Time capsule gives insight into 1990s campus life

May 13, 2022



A time capsule planted in the Technology Building at Purdue University Northwest’s (PNW) Westville campus finally had its time to shine during a recent open house.

The capsule, a copper box approximately two feet wide and across, was installed with the Technology Building’s cornerstone in the spring of 1995 after construction was completed. The capsule was intended to be opened in 2020, but the COVID-19 pandemic delayed the occasion.

PNW University Library and the Westville Warriors student organization presented a joint program, in the spirit of PNW’s 5.75 Roaring Ahead celebration, to display the capsule’s items, said Joseph Coates, Reference Librarian Manager and University Archivist.

The capsule’s contents included a hat with signatures, a Purdue North Central Student Senate banner, the Student Senate’s constitution, course catalogs, a registration card for classes, and a university annual report. Also included were a VHS tape with a recording of the building ceremony, when the time capsule was stored, and a copy of remarks by Dale Alspaugh, who was at that time serving as the chancellor at Purdue North Central.

Coates says many of the capsule’s items reflect a time period when personal computers and digitized materials were becoming more prevalent in US society and higher education.

“One of the big differences with this stuff is how much of it really is analog,” said Coates. “One of the things I noticed was there really was no standardized font set. Many people used a different typeset or font for everything. Some people submitted things on typewriters because they were still being used regularly. Even the dot matrix printer paper is something I haven’t seen since high school. Of course, we had the VHS tape, and VHS was just beginning to lose popularity at that time.”

Guest Laura Blaney, Porter Counter Commissioner for the 1st District, attended the open house. Blaney was serving as the Student Senate’s vice president in 1995 when the capsule was stored. Blaney earned a bachelor’s degree in Biology in 1998 and a master’s degree in Biology from Purdue West Lafayette in 2001.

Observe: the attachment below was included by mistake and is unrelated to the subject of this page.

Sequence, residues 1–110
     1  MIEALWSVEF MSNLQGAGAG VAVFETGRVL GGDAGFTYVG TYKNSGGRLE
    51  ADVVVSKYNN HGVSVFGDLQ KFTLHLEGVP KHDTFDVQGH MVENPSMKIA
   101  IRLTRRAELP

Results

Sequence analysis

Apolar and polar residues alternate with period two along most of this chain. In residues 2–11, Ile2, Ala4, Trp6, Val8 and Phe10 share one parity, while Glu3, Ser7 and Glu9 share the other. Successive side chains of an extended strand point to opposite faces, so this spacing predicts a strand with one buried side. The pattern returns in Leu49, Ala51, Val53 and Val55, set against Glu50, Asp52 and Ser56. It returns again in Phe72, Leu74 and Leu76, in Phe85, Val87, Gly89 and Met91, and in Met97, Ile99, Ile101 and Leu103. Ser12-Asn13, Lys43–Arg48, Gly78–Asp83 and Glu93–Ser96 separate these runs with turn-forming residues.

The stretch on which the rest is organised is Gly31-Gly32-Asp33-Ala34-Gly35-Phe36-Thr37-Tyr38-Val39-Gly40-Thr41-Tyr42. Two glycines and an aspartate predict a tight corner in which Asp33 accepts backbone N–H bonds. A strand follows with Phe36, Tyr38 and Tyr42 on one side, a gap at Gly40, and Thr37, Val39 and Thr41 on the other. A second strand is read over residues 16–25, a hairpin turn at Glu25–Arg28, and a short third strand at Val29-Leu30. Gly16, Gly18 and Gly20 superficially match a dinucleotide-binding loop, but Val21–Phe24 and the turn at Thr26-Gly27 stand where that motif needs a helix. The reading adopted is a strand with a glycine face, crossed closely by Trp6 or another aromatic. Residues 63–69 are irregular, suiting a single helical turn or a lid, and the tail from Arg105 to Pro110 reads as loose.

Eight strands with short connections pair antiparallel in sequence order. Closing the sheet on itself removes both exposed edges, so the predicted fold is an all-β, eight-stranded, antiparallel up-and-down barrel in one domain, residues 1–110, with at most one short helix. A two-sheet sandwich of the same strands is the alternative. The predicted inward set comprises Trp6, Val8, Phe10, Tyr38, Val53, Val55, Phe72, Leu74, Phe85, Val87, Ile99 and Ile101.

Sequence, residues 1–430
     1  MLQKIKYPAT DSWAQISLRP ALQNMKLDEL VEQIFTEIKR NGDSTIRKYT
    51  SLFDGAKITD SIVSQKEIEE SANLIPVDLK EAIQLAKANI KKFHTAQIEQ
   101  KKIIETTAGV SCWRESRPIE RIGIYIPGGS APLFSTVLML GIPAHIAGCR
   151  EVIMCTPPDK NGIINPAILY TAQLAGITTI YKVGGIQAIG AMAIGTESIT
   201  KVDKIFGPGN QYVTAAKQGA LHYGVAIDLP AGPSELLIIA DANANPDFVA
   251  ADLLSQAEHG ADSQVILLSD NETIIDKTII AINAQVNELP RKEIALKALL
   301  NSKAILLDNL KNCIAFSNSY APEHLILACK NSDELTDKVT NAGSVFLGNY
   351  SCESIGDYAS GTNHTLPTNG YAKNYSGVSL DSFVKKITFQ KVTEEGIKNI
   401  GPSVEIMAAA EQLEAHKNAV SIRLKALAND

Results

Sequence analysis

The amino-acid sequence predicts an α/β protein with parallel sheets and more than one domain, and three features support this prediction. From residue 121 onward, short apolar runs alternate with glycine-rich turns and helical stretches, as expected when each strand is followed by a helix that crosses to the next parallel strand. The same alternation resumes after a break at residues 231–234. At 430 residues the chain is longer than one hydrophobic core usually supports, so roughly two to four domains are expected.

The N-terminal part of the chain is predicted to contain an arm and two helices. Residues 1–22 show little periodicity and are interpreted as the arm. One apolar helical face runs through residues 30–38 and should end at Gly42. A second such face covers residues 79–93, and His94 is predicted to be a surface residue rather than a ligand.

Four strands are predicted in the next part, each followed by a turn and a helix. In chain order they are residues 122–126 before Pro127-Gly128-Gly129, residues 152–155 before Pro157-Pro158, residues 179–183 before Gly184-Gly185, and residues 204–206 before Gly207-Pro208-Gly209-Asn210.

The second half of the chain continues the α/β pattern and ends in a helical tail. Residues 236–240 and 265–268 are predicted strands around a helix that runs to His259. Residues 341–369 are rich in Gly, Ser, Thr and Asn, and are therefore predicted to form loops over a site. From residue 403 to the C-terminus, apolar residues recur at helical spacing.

You can view a video of the Technology Building ceremony, which features remarks from Blaney, and a video of Blaney and Coates examining the time capsule’s contents on the Purdue University Northwest Archives and Special Collections YouTube channel.

The capsule’s contents will be kept in PNW’s archives. Students, faculty, and staff are welcome to schedule a session to view the contents by visiting pnw.edu/library.

Time capsule contents

The time capsule opening revealed several items representative of 1990s Westville campus life, such as course information and registration materials, a Purdue North Central Student Senate banner, a signed hat, and a university annual report.

Coates says many of the capsule’s items reflect a time period when personal computers and digitized materials were becoming more prevalent in US society and higher education.

“One of the big differences with this stuff is how much of it really is analog,” said Coates. “One of the things I noticed was there really was no standardized font set. Many people used a different typeset or font for everything. Some people submitted things on typewriters because they were still being used regularly. Even the dot matrix printer paper is something I haven’t seen since high school. Of course, we had the VHS tape, and VHS was just beginning to lose popularity at that time.”

Guest Laura Blaney, Porter Counter Commissioner for the 1st District, attended the open house. Blaney was serving as the Student Senate’s vice president in 1995 when the capsule was stored. Blaney earned a bachelor’s degree in Biology in 1998 and a master’s degree in Biology from Purdue West Lafayette in 2001.

You can view a video of the Technology Building ceremony, which features remarks from Blaney, and a video of Blaney and Coates examining the time capsule’s contents on the Purdue University Northwest Archives and Special Collections YouTube channel.

The capsule’s contents will be kept in PNW’s archives. Students, faculty, and staff are welcome to schedule a session to view the contents by visiting pnw.edu/library.


Watch the opening of the capsule

Watch the Technical Building dedication since 1995

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